As the Affordable Care Act seeks to shift the focus of American health care from disease treatment to prevention, practitioners of complementary, alternative and integrative medicine (CAM) see new entry points for bringing their medicine to the public.
Like naturopathic doctors (NDs), other CAM providers have identified specific provisions in the law that may level the playing field between conventional and natural medicine. They also find opportunities in the law's overall thrust toward health fundamentals like better diet, exercise, stress reduction and lifestyle changes.
(See our comprehensive look at how naturopathic medicine will change under the health care law.)
As states rush to implement the far-reaching law over the next year, CAM leaders says it's a crucial time to organize and show how their professions can help solve the nation's health challenges.
Here's a look at how the law may expand access to acupuncture, nutrition, midwifery and other natural health disciplines.
As a low-intervention alternative to surgery and pharmaceuticals, acupuncture could be well-positioned to see an expanded role under health care reform, even though it has little recognition in existing federal law. The challenge for the profession is to make sure health officials understand acupuncture's benefits.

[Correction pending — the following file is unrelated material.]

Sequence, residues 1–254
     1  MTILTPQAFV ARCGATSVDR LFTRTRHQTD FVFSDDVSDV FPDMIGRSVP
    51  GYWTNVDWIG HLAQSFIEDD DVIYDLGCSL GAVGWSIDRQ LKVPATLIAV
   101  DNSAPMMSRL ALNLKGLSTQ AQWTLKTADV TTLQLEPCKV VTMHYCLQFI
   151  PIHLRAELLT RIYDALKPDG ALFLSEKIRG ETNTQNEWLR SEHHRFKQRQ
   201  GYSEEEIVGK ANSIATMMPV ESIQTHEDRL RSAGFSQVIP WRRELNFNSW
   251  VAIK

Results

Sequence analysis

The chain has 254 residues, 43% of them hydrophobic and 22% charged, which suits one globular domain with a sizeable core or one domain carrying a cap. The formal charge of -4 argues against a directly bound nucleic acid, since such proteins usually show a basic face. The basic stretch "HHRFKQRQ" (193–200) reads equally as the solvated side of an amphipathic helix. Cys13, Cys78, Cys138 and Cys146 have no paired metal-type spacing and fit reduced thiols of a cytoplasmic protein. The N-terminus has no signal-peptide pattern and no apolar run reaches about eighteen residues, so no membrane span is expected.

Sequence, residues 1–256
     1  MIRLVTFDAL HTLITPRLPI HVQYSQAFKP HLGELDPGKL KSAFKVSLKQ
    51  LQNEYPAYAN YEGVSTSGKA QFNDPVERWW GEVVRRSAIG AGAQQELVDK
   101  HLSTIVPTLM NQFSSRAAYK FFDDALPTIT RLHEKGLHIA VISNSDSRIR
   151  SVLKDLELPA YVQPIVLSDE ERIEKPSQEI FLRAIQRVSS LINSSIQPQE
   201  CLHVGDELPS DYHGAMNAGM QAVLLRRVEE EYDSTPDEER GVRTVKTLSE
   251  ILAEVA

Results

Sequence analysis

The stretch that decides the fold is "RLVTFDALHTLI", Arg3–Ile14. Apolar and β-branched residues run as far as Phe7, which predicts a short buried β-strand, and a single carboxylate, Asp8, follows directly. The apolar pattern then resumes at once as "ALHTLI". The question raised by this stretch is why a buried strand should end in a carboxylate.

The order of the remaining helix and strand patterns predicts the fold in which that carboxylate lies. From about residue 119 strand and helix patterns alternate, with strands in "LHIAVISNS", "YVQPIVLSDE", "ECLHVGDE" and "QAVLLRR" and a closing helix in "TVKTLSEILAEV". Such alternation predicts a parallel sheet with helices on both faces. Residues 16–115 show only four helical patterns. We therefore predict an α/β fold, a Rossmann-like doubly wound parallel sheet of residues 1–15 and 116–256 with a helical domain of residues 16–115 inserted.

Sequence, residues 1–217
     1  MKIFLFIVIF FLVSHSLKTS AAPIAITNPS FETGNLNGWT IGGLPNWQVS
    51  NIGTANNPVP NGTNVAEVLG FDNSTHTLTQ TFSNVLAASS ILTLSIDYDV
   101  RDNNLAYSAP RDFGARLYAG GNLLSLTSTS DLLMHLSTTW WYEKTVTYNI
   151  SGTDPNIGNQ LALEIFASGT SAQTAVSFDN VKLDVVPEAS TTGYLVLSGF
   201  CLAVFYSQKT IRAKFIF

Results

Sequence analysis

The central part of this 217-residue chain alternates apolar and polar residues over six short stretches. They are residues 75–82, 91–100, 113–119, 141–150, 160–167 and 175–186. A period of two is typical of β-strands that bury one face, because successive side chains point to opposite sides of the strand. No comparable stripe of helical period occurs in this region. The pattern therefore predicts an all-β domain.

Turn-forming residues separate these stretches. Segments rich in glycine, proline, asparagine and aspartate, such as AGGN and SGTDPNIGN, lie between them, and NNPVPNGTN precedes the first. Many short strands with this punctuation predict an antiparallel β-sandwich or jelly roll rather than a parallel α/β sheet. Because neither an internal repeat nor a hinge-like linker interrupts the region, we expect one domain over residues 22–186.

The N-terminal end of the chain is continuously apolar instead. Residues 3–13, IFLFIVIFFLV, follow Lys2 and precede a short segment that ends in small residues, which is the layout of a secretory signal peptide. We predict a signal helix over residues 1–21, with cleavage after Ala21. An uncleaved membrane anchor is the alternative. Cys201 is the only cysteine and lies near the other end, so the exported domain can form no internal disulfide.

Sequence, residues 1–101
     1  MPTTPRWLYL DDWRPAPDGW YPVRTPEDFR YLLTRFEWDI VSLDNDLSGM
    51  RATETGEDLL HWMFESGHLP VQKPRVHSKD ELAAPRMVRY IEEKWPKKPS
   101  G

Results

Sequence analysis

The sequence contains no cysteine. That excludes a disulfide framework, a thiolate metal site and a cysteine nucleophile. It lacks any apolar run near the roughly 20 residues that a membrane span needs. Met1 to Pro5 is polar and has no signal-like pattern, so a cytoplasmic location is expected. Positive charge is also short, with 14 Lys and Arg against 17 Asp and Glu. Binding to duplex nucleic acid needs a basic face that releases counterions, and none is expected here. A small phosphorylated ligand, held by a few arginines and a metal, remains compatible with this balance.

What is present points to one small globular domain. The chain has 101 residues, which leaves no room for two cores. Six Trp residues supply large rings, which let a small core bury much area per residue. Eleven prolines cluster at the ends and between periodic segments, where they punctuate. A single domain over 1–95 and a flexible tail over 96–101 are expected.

"We looked into hiring a lobbyist to get the attention of government officials," says Jeannie Kang, LAc, a Los Angeles acupuncturist and past president of the American Association of Acupuncture and Oriental Medicine. "But it was going to cost $10,000 a month. We don't have that kind of money."
The association began a national letter-writing campaign instead, attracting more than 20,000 signatures in support of expanded access to acupuncture. "The support came from our patients," says Kang. "It's very consumer-driven medicine. That should speak for itself."
The result so far: California, Maryland, New Mexico and Washington have included acupuncture for treating pain, nausea and other ailments in their essential-health benefit plans, the threshold that most insurance plans must meet under the law. Alaska and Nevada have indicated they may also include acupuncture. That will make millions of Americans eligible for acupuncture under their insurance plans.
"It's a very big deal for our profession," says Kang. "Our medicine is still quite young in this country. But we have been quickly recognized as effective."
Few professions fit the health care law's prevention focus as well as nutritionists, who understand that helping patients with diet changes can save them heart surgeries or cholesterol medications with unpleasant side effects.
The law specifically says nutritionists and registered dietitians (RDs) may be included in patient-centered medical homes, an arrangement designed to coordinate a multidisciplinary team. (Read more about medical homes.) The law also funds workplace wellness programs that reward employees for participation. (In one such program, Bastyr nutrition graduates help Microsoft workers form health goals and improve their eating.)